continent. maps a topology of unstable confluences and ranges across new thinking, traversing interstices and alternate directions in culture, theory, biopolitics and art.
Issue 8.1-2 / 2019: 70-75

Death, Disrupted

Tamara Kneese

Imagine your spouse dies after a protracted illness, but you are charged with maintaining their digital avatar. They’re present when you’re making dinner and watching Netflix in bed. What happens if you plan to start dating again? Do you hide them in a corner of your basement? The infamous “Be Right Back” episode of the British science fiction series Black Mirror is an exaggerated version of this speculative scenario, but the future is in many ways already here.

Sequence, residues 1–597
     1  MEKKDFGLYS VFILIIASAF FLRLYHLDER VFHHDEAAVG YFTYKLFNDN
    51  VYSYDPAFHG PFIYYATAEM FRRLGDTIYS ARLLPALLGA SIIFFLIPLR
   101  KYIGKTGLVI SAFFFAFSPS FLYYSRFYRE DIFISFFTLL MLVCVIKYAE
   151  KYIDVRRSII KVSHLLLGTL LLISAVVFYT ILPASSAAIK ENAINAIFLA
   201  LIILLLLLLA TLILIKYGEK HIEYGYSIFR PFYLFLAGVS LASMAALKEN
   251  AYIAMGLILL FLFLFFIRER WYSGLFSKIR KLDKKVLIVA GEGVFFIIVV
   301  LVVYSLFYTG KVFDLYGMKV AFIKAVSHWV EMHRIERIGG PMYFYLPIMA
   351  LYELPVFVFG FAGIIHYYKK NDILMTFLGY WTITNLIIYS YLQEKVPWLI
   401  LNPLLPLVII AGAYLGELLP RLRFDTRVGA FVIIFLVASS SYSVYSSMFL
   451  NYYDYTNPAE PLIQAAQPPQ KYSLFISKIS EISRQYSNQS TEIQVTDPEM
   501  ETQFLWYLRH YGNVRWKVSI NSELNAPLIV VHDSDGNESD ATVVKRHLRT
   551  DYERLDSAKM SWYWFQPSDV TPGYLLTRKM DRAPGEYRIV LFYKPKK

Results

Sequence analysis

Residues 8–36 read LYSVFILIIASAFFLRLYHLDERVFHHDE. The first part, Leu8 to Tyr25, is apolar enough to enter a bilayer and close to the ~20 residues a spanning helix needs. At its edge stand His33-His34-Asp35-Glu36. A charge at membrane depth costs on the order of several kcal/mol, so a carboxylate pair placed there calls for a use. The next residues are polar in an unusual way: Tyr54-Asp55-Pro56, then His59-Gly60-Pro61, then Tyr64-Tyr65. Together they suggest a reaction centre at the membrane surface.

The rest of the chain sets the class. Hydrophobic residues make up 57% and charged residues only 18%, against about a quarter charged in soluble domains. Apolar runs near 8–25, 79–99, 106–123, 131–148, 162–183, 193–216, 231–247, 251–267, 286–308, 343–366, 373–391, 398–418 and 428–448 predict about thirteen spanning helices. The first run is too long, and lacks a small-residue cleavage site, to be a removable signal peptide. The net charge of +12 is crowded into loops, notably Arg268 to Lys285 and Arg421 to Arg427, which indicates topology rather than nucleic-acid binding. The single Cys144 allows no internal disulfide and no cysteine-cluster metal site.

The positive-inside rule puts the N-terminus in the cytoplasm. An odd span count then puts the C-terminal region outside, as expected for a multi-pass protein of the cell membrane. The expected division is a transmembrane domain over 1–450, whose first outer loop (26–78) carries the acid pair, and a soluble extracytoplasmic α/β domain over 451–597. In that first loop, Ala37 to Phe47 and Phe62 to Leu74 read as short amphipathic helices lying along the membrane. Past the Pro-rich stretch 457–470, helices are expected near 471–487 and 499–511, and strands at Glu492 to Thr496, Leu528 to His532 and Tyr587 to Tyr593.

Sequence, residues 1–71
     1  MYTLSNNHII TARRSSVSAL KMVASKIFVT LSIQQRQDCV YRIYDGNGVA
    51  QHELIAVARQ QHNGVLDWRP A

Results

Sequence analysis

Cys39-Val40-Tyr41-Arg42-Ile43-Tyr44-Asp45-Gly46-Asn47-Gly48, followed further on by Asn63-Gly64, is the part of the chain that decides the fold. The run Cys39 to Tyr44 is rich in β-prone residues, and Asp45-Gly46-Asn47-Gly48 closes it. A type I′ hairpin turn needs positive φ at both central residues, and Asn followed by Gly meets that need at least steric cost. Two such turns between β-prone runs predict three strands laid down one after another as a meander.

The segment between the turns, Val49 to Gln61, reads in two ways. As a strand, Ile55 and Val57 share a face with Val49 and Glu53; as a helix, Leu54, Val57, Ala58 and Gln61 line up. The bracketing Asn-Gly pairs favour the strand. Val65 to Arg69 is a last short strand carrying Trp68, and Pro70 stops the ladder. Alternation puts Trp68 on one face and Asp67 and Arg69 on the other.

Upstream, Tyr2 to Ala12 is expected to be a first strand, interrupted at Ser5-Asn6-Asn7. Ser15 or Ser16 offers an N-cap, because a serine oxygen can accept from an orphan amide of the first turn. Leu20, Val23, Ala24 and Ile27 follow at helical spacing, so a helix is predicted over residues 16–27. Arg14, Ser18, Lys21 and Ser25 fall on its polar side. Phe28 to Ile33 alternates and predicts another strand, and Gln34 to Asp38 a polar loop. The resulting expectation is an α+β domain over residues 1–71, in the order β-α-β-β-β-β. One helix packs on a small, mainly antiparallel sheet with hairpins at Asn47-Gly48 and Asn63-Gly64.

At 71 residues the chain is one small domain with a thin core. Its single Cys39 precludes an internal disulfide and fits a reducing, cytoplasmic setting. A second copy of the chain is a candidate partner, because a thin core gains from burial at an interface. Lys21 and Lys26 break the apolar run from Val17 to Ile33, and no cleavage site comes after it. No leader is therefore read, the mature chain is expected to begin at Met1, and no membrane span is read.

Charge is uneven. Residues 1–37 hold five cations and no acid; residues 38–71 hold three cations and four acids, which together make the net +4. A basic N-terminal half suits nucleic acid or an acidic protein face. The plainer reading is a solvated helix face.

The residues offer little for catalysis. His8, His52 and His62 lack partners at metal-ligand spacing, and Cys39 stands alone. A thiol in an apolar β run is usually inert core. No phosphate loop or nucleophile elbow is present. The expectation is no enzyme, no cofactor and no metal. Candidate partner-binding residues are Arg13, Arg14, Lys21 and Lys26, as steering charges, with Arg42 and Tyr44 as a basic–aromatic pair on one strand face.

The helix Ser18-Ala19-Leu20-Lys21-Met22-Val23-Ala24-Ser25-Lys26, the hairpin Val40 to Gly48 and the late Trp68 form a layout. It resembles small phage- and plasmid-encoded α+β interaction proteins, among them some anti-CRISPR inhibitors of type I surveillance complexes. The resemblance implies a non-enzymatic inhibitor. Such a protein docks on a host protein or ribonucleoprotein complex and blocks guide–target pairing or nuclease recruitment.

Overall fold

San Francisco-based entrepreneur Eugenia Kuyda’s best friend, Roman Mazurenko, died suddenly at a young age. As technologists who spent countless hours messaging each other over various apps and platforms, and because Roman was also a Singularity proponent, Kuyda decided the most fitting way to memorialize Roman would be to construct a postmortem chatbot based on an aggregate of his personal data. Kuyda quickly realized that, much like Weizenbaum’s ELIZA, Roman’s friends engaged in heartfelt, intimate conversations with the bot (Turkle 1984). Through her startup company called Luka, Kuyda built a prototype. Replika mimics your patterns of communication and learns more about you while you are still alive, acting as a confidante and friend as well as leaving a potential digital legacy behind.